March 2023 is the date set to see the end of Help to Buy. What is more, anyone looking to use this scheme must secure a property by the end of October – when Halloween is upon us. This is a scary thought, so what next for the new build sector and will it be impacted by the loss of Help to Buy?
New Builds Are Greener
Whilst demand for new build could potentially slow down, if the market cools, it won’t disappear. In fact, there is an argument that new builds will be even more appealing now because of their energy efficiencies. The Office of National Statistics (ONS) show the differences in EPC ratings of new and existing homes across England and Wales. It reports the median score for new dwellings were equivalent to band B compared with existing dwellings which were equivalent to band D.
As you would expect, new builds are more energy efficient because that is embedded at the point of construction. This will make new builds more appealing.
What Schemes Can Help?
Shared Ownership is one option, which allows clients to “buy” a share of the property, usually between 25% and 75% of the value and pay the rest in rent. Then there is the Deposit Unlock scheme, allowing clients to buy a new build with just a 5% deposit, assuming the developer permits the scheme. Then for First Time Buyers, there is the First Homes Initiative where potential borrowers receive a discount on the property from the developer, and this discount applies on the sale of the property too.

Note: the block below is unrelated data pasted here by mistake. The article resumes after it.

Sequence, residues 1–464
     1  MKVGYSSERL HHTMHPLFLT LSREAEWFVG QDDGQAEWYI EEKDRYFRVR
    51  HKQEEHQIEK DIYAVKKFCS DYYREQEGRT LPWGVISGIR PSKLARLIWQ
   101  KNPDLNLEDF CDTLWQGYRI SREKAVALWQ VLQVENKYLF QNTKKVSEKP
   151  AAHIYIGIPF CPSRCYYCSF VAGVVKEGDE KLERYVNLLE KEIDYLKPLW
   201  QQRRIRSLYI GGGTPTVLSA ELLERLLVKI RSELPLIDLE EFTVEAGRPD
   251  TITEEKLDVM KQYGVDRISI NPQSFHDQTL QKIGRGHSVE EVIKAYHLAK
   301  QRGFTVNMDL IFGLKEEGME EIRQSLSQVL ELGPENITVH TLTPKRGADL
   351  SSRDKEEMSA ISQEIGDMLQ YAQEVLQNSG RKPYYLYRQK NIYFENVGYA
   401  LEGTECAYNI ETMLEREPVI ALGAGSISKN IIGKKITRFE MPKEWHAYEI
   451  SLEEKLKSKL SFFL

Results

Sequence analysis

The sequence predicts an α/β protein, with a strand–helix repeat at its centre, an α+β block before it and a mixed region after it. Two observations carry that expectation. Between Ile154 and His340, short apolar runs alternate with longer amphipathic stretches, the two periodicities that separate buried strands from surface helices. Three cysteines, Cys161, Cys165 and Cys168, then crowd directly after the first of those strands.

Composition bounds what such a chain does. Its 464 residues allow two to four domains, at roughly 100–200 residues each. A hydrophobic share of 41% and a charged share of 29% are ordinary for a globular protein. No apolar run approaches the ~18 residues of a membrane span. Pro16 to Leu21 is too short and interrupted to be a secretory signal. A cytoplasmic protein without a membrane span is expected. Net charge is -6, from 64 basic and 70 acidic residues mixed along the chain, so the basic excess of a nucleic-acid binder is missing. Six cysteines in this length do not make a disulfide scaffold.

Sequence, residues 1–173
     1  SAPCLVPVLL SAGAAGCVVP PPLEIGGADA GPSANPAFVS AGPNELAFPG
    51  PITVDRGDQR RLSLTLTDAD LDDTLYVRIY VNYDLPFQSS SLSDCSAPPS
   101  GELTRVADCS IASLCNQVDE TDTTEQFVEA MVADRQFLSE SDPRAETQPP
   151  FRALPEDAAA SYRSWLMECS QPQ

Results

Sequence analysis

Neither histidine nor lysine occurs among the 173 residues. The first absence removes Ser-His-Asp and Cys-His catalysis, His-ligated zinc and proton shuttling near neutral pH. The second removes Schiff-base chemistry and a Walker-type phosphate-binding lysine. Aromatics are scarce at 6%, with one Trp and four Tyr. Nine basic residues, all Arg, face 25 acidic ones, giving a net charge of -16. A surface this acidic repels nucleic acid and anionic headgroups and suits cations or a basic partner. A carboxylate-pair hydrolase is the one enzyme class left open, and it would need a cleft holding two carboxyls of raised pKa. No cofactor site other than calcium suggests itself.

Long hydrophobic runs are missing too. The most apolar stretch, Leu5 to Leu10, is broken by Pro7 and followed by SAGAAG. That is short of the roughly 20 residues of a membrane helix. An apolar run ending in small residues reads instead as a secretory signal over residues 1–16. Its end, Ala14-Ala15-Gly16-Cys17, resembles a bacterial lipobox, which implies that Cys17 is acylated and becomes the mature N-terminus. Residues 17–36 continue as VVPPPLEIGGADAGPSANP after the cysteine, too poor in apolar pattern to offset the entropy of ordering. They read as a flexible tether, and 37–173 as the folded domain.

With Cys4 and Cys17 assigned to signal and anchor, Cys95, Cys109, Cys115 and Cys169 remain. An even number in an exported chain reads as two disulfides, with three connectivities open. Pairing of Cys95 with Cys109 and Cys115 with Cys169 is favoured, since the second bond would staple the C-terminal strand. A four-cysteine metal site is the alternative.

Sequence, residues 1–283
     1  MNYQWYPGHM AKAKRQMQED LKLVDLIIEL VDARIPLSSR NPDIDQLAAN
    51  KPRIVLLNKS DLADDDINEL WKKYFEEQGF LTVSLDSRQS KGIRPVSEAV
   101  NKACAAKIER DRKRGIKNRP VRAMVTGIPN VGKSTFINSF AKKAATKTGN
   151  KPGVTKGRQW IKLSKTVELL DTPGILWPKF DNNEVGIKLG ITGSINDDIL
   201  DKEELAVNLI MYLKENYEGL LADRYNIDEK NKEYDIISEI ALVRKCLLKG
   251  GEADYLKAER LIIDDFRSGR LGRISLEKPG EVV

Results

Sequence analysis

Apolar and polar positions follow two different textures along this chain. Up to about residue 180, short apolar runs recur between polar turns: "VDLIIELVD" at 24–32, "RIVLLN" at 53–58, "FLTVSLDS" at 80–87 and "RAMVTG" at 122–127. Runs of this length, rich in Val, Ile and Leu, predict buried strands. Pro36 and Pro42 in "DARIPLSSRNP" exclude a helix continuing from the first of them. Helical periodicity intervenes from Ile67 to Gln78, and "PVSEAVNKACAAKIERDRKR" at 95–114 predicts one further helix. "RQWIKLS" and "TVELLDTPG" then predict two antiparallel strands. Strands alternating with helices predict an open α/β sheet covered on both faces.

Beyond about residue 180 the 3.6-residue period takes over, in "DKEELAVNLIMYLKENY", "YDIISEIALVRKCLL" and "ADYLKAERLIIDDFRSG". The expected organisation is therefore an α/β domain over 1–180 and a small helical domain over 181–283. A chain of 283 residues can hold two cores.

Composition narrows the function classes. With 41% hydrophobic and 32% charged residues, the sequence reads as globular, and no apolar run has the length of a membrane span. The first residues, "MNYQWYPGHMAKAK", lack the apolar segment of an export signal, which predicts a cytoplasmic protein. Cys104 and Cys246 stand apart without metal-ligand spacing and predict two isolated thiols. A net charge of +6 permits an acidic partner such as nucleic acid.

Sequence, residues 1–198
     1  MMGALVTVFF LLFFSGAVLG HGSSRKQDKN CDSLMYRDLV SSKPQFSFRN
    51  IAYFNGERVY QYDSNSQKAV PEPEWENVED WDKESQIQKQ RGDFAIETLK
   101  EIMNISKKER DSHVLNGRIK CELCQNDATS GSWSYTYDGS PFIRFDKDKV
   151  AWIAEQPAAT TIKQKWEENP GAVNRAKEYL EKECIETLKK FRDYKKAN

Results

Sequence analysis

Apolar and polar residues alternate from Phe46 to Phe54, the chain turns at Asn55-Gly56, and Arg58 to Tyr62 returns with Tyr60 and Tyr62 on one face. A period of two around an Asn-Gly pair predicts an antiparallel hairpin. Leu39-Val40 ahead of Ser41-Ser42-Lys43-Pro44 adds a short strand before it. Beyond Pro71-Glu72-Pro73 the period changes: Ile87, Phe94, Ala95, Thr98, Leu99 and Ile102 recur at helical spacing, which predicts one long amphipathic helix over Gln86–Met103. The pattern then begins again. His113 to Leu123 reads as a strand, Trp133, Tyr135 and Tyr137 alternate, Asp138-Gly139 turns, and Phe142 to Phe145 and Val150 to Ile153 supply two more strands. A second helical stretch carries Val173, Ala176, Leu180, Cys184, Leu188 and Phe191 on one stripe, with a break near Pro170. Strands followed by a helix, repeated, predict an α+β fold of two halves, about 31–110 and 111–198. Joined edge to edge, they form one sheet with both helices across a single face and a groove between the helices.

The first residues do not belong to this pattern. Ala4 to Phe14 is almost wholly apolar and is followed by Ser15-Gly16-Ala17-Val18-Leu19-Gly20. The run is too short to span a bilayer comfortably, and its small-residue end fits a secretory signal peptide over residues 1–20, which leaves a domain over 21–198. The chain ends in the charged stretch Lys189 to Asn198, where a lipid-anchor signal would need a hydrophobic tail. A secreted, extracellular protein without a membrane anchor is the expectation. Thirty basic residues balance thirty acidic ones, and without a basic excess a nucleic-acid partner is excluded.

There are lots of schemes trying to fill gaps in the market, particularly for first time buyers. Of course, first time buyers are not the only people seeking new build and it could be argued that demand will not be the challenge – it will be supply.
We are seeing rising material costs which will impact profits and house builders will be rethinking their strategies. There are often disputes about where to build new properties and delays in planning permissions. But the biggest challenge appears to be supply of materials to build the homes.
The new build market is important for the mortgage market, but it will take some smart thinking “think tanks” to solve the issue, which will not be solved by a silver bullet.
New Towns v New Builds
One potential solution is to build new towns – new communities not just new homes. Sometimes new builds put pressure on an existing town infrastructure, so more new towns are a solution. Cranbrook in Devon is a good example. Its development began over a decade ago and currently has approaching 3000 homes, but the plan is for that to more than double in the next five years. It has an infrastructure with schools, pubs, shops and a railway line into Exeter and London Waterloo.
New build market, like everywhere, is experiencing change. Its importance is well documented. So fresh thinking with more new towns – especially with more hybrid working being the norm – is one such solution.
There will be plenty of life in the new build sector after Help to Buy ends; there just needs to be joined up thinking to ensure the market meets demand.
Author – Stacey Wood, New Build Sales Manager, Vida Homeloans